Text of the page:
When Edward Snowden came out as the source of leaks about the National Security Agency's surveillance programs, he was immediately labeled a whistle-blower by many.
Is the term a misnomer?
Haass expanded on his comment in another tweet, defining a whistle-blower as a "person who reveals wrongdoing, corruption, illegal activity. none of this applies here even if you oppose [U.S. government] policy."
Haass makes a distinction between revealing corruption and exposing a policy you disagree with. One makes you a whistle-blower, he argues; the other does not.
James Fallows of The Atlantic blurs that line. He wrote Sunday:
"That these programs are legal — unlike the Nixon 'Plumbers' operation, unlike various CIA assassination programs, unlike other objects of various whistle-blower revelations over the years — is the most important fact about them. They're being carried out in 'our' name, ours as Americans, even though most of us have had no idea of what they entailed. The debate on the limits of the security-state is long overdue, and Edward Snowden has played an important role in hastening its onset."
Snowden, in his video interview with The Guardian, says the need for public debate was what pushed him to expose the NSA monitoring.
"Eventually you realize that these things need to be determined by the public, not somebody who was simply hired by the government," he said, noting that "the public needs to decide whether these programs and policies are right or wrong."
BuzzFeed reports that when Snowden's identity was revealed, "the tweets calling him a hero outweighed those calling him a traitor nearly 30-1, according to data from Topsy."
Glenn Greenwald, the Guardian reporter who's been writing about the leaks, called Snowden a whistle-blower in his interview with ABC's George Stephanopoulos even before the 29-year-old ex-CIA worker's identity became public (h/t Jay Rosen).
"Every time there's a whistle-blower, somebody who exposes government wrongdoing, the tactic of the government is to try and demonize them as a traitor," Greenwald says, adding:
"They risk their careers and their lives and their liberty because what they were seeing being done in secret, inside of the United States government is so alarming and so pernicious that they simply want one thing, and that is for the American people at least to learn about what this massive spying apparatus is and what the capabilities are so that we can have an open, honest debate."
Of course, the fact that the NSA programs have been kept under wraps does not mean they're illegal. Current and former U.S. officials insist the programs are lawful and justified.
For a more technical definition of whistle-blower, let's turn to the nonprofit Government Accountability Project, which advocates on their behalf. Here's how the organization defines a whistle-blower, using state, federal and international cases:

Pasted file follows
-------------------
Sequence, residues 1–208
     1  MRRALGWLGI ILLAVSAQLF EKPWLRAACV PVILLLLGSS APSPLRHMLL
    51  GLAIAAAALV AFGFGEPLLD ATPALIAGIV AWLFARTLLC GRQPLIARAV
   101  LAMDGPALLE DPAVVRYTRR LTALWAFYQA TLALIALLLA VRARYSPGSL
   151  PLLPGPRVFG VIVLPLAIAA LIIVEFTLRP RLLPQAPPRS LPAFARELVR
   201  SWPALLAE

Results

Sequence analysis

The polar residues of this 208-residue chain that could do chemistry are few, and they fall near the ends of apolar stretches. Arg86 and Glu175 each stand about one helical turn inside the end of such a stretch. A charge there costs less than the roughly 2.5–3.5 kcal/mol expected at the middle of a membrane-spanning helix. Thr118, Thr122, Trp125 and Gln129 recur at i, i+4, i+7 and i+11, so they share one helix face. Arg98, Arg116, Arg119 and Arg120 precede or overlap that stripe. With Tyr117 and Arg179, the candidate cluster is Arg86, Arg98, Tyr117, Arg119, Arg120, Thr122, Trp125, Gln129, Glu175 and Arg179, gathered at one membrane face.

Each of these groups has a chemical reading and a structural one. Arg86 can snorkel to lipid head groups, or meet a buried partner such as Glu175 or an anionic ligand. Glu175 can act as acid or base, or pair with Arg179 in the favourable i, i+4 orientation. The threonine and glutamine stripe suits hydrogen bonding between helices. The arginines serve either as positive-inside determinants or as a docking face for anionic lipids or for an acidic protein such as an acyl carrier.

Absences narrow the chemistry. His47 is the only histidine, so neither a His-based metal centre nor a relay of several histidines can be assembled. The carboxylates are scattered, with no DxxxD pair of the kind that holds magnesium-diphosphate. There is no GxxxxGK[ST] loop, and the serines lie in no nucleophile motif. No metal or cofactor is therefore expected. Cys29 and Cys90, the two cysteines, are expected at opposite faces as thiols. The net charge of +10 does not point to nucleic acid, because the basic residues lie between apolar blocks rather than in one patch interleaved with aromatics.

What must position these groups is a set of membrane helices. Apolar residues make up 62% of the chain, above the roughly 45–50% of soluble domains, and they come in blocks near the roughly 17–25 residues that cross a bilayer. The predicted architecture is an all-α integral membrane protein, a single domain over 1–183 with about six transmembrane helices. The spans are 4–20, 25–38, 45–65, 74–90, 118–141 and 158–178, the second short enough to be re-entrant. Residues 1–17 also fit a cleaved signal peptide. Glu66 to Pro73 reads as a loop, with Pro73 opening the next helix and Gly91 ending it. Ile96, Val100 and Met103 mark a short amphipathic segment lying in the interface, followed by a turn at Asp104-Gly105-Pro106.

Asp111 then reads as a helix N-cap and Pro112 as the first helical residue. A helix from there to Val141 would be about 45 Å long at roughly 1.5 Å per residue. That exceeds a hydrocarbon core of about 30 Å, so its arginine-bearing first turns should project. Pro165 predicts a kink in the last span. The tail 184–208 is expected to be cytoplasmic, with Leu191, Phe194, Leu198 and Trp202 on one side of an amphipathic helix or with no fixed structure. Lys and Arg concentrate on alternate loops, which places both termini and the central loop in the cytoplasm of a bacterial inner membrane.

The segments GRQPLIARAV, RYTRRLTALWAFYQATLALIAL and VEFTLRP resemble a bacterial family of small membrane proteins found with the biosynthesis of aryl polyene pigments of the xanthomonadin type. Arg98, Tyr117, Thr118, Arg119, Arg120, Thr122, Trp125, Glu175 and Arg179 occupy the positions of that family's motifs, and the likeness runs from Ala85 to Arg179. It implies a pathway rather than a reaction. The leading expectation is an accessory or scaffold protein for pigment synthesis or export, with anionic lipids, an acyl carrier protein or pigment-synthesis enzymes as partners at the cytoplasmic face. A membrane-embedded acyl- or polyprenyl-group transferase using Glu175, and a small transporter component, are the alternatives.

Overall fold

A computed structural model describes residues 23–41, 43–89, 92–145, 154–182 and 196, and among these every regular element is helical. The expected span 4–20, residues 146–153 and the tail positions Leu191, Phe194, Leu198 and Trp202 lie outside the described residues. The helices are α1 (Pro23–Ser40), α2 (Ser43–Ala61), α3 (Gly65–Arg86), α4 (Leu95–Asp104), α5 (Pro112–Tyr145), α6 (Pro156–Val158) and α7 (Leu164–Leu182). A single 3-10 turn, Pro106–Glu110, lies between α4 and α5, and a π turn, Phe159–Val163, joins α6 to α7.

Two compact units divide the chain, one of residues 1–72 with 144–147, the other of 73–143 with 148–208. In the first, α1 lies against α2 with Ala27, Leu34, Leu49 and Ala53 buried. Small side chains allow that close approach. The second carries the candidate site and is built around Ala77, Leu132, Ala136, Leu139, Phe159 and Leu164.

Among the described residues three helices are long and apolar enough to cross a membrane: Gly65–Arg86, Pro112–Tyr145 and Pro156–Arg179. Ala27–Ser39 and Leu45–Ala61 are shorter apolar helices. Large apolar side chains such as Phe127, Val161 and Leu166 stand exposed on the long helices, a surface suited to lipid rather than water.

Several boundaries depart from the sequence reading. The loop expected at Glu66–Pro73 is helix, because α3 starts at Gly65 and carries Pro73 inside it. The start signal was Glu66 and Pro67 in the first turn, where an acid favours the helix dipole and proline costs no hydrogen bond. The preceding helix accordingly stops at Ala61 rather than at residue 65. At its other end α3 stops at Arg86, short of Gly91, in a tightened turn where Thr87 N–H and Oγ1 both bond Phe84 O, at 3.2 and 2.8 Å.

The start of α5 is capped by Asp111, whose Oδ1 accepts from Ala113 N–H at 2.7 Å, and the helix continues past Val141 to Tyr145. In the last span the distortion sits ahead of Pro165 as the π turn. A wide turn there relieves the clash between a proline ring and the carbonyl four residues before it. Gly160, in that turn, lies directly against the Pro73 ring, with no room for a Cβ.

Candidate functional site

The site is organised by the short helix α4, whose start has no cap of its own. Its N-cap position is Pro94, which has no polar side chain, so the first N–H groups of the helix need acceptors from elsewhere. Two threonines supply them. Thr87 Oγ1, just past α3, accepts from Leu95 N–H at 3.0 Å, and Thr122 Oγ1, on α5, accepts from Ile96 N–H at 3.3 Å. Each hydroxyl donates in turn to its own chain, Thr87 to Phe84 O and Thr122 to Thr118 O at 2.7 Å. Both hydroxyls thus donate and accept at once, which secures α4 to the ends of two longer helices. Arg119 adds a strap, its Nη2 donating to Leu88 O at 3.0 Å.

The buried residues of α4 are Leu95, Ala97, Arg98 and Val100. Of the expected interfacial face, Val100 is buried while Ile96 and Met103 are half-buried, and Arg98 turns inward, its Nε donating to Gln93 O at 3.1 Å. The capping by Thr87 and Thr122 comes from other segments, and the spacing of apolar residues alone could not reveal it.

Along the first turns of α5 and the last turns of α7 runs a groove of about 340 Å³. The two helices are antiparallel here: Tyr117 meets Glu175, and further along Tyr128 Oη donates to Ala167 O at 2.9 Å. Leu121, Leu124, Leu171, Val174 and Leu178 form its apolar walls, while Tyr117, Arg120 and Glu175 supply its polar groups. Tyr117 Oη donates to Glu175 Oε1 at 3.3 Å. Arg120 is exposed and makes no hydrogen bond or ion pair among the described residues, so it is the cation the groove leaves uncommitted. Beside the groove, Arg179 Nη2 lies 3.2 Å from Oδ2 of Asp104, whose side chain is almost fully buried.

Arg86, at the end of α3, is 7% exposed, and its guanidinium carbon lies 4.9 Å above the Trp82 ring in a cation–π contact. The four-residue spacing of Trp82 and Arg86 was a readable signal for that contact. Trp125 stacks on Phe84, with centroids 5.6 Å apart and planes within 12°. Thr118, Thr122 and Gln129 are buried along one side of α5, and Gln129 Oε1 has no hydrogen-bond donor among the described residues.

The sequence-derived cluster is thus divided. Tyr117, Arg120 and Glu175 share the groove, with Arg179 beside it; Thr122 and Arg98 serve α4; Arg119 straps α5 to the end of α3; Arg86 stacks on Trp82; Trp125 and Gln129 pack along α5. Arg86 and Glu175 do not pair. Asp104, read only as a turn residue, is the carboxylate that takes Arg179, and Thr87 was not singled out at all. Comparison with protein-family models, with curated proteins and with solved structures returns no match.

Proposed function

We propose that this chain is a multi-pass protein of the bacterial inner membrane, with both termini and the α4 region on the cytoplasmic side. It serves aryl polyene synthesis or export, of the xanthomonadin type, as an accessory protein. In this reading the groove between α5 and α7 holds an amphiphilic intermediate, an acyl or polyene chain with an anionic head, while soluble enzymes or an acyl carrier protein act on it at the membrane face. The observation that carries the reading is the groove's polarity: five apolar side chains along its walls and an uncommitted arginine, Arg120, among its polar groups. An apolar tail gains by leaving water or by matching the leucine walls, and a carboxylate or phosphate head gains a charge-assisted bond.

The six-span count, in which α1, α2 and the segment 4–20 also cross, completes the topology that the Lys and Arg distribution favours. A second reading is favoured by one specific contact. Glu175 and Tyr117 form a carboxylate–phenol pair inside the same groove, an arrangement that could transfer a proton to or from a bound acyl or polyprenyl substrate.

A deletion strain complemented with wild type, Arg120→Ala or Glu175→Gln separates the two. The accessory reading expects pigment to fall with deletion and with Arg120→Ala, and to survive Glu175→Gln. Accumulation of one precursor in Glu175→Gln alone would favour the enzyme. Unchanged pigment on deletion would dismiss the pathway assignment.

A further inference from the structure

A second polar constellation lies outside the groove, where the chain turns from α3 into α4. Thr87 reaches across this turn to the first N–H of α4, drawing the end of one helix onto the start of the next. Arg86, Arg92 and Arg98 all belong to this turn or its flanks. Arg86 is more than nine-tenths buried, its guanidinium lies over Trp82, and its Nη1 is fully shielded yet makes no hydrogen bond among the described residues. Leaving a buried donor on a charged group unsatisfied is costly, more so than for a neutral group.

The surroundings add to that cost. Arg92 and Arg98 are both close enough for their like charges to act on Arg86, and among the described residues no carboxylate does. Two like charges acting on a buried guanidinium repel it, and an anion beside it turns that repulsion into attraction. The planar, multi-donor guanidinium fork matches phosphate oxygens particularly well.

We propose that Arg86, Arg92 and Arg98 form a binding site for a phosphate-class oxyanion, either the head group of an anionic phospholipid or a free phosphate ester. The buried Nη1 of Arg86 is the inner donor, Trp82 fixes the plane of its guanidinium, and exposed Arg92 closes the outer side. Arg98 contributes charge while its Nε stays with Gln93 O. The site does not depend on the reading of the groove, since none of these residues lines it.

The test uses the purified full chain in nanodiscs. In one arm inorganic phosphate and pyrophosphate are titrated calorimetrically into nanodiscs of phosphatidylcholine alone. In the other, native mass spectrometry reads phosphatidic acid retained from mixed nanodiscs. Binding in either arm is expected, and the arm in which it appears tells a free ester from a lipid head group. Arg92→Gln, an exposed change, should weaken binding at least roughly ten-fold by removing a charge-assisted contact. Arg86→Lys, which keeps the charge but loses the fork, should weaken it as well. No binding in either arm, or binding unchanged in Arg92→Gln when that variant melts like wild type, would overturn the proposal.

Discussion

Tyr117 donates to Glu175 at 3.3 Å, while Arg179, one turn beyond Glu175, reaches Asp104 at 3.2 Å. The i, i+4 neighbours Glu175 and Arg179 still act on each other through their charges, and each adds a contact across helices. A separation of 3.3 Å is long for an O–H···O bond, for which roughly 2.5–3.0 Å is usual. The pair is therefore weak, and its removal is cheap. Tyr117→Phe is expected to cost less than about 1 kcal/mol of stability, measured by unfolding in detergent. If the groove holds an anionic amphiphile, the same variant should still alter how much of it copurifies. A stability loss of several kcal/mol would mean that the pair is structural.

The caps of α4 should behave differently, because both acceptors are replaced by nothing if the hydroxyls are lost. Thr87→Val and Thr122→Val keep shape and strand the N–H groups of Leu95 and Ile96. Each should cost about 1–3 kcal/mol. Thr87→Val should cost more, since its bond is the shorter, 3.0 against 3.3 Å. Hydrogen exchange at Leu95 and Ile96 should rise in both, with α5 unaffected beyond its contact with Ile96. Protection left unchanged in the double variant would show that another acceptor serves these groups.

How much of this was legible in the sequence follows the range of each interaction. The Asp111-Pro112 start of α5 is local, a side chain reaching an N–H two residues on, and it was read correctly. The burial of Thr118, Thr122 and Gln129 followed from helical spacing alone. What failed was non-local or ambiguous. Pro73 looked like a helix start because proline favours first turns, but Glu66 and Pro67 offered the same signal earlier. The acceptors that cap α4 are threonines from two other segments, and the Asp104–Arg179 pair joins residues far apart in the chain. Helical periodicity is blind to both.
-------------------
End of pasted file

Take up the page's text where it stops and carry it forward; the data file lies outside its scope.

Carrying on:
"An employee who discloses information that s/he reasonably believes is evidence of illegality, gross waste or fraud, mismanagement, abuse of power, general wrongdoing, or a substantial and specific danger to public health and safety. Typically, whistleblowers speak out to parties that can influence and rectify the situation. These parties include the media, organizational managers, hotlines, or Congressional members/staff, to name a few."
Whistle-blowers are recognized and protected under the law, to an extent. PBS's POV documentary series has a timeline, up to 2010, on whistle-blowers, including congressional enactment of the False Claims Act, which offers financial incentives "to uncover fraud harmful to the government."
But a spokesman for the Justice Department told ProPublica in May that legal protection for whistle-blowers applies only to those who follow designated channels, particularly in regard to classified information. That essentially means anyone who violates those procedures wouldn't be considered a whistle-blower by the U.S. government.
"We cannot sanction or condone federal employees who knowingly and willfully disclose classified information to the media or others not entitled to receive such information," the statement reads.
ProPublica's report in May outlines what it calls the Obama administration's "crackdown" on national security leaks, despite federal efforts to enhance whistle-blower protections.
Protected or not, Pentagon Papers whistle-blower Daniel Ellsberg told CNN that "I would have done just what [Snowden's] done" had he seen the same NSA information. Snowden, he said, has done "an enormous service" to American democracy.
Ellsberg, who was one of the first people prosecuted under the 1917 Espionage Act, also said he has "no doubt that this [NSA program] violates the Fourth Amendment of the Constitution and probably other parts of the Bill of Rights."
Courts inevitably will be called to rule on the matter someday. Until then, whatever alarm Snowden sounded — whistle or not — has stirred a rousing debate.
Note at 8 a.m. June 11: NPR was among the numerous organizations that initially used the word whistle-blower. On Monday, after this post was first published, NPR managing editor for standards and practices Stuart Seidel asked NPR journalists to use the word "leaker" when referring to Snowden because it is a more accurate term based on what is currently known about Snowden's actions.